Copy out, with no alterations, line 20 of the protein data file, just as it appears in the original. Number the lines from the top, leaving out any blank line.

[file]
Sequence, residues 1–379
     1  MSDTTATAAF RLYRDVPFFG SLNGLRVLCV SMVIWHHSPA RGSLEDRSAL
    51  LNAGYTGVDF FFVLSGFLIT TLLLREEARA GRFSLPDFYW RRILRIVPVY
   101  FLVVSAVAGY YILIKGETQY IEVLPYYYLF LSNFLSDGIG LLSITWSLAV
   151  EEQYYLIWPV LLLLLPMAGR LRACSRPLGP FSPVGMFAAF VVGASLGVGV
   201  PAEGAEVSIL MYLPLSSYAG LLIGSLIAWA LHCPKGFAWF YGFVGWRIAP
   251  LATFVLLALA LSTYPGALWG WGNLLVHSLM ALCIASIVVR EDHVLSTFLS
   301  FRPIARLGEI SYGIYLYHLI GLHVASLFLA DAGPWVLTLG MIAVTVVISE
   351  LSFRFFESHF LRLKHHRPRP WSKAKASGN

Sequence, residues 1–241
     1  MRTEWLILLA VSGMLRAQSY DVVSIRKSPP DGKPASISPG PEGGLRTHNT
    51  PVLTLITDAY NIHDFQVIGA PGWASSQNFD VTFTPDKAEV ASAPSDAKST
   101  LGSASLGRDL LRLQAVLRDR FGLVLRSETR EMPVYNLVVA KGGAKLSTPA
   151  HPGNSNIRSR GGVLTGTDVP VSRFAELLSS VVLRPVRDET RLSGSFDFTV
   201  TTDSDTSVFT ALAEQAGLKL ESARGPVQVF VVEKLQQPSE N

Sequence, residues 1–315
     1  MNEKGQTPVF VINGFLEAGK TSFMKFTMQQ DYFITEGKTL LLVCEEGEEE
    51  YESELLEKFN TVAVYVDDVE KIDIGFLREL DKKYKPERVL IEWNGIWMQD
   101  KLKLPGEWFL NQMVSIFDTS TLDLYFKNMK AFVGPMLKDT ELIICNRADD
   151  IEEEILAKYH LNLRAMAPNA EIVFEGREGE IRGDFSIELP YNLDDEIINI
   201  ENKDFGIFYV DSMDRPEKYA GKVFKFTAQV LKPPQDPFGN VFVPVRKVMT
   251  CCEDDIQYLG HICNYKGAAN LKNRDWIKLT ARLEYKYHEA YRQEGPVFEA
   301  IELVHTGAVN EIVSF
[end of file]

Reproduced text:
   151  IEEEILAKYH LNLRAMAPNA EIVFEGREGE IRGDFSIELP YNLDDEIINI